We were early adopters of Extreme Programming (XP), testing on XP teams that weren’t at all sure where testers or their brand of testing fit in. At the time, there wasn’t much in the agile (which wasn’t called agile yet) literature about acceptance testing, or how professional testers might contribute. We learned not only from our own experiences but from others in the small agile community. In 2002, Lisa co-wrote Testing Extreme Programming with Tip House, with lots of help from Janet. Since then, agile development has evolved, and the agile testing community has flourished. With so many people contributing ideas, we’ve learned a whole lot more about agile testing.
Individually and together, we’ve helped teams transition to agile, helped testers learn how to contribute on agile teams, and worked with others in the agile community to explore ways that agile teams can be more successful at testing. Our experiences differ. Lisa has spent most of her time as an agile tester on stable teams working for years at a time on web applications in the retail, telephony, and financial industries. Janet has worked with software organizations developing enterprise systems in a variety of industries. These agile projects have included developing a message-handling system, an environmental-tracking system, a remote data management system (including an embedded application, with a communication network as well as the application), an oil and gas production accounting application, and applications in the airline transportation industry. She has played different roles—sometimes tester, sometimes coach—but has always worked to betterintegrate the testers with the rest of the team. She has been with teams from as little as six months to as long as one-and-a-half years.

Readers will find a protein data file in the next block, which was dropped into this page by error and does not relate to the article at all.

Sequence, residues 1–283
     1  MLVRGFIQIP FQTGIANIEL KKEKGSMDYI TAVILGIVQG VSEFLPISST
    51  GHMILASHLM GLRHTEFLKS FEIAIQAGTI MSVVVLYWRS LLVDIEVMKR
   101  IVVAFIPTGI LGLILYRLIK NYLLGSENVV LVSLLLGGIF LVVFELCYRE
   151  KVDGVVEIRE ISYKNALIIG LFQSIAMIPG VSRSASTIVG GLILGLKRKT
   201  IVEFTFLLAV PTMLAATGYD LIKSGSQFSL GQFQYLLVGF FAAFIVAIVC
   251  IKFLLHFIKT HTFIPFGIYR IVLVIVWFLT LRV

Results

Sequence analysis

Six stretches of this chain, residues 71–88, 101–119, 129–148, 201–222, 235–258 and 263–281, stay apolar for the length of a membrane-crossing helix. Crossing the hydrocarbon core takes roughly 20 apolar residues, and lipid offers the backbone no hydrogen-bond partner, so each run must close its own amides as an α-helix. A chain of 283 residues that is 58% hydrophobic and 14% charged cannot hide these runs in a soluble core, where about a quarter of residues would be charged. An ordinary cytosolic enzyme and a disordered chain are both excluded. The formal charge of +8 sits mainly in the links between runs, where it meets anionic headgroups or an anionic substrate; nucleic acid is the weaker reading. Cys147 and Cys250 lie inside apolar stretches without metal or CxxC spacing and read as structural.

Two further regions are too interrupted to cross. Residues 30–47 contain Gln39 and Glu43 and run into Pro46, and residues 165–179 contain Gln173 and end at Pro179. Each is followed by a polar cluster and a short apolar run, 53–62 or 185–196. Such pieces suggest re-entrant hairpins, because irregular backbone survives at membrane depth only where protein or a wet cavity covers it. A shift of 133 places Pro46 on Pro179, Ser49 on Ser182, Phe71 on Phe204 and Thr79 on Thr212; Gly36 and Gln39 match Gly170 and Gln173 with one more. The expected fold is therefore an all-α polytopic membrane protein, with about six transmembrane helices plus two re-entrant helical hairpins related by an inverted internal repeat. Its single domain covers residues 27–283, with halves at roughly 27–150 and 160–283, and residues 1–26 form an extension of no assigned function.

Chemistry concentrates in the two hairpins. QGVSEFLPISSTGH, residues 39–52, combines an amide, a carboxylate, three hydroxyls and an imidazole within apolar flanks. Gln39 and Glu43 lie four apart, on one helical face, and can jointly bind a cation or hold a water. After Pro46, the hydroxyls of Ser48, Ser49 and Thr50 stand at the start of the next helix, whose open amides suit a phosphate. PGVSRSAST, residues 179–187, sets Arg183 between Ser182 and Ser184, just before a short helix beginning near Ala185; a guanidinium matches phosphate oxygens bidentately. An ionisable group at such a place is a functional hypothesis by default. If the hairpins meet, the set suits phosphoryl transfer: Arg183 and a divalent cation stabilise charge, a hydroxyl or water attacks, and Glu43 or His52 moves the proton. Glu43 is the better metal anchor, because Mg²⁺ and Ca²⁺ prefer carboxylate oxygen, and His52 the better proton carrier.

With these different points of view, we have learned to work together and complement each other’s skill sets, and we have given many presentations and tutorials together.Why We Wrote This Book
Several excellent books oriented toward agile development on testing and test patterns have been published (see our bibliography). These books are generally focused on helping the developer. We decided to write a book aimed at helping agile teams be more successful at delivering business value using tests that the business can understand. We want to help testers and quality assurance (QA) professionals who have worked in more traditional development methodologies make the transition to agile development.